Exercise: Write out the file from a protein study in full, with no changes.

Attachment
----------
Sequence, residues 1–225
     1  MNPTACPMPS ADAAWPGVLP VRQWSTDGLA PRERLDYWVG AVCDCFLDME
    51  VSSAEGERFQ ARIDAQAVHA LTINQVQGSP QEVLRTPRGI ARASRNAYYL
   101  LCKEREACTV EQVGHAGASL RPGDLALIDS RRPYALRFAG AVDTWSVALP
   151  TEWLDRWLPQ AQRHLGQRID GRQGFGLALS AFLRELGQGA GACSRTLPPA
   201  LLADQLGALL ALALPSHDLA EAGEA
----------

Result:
Sequence, residues 1–225
     1  MNPTACPMPS ADAAWPGVLP VRQWSTDGLA PRERLDYWVG AVCDCFLDME
    51  VSSAEGERFQ ARIDAQAVHA LTINQVQGSP QEVLRTPRGI ARASRNAYYL
   101  LCKEREACTV EQVGHAGASL RPGDLALIDS RRPYALRFAG AVDTWSVALP
   151  TEWLDRWLPQ AQRHLGQRID GRQGFGLALS AFLRELGQGA GACSRTLPPA
   201  LLADQLGALL ALALPSHDLA EAGEA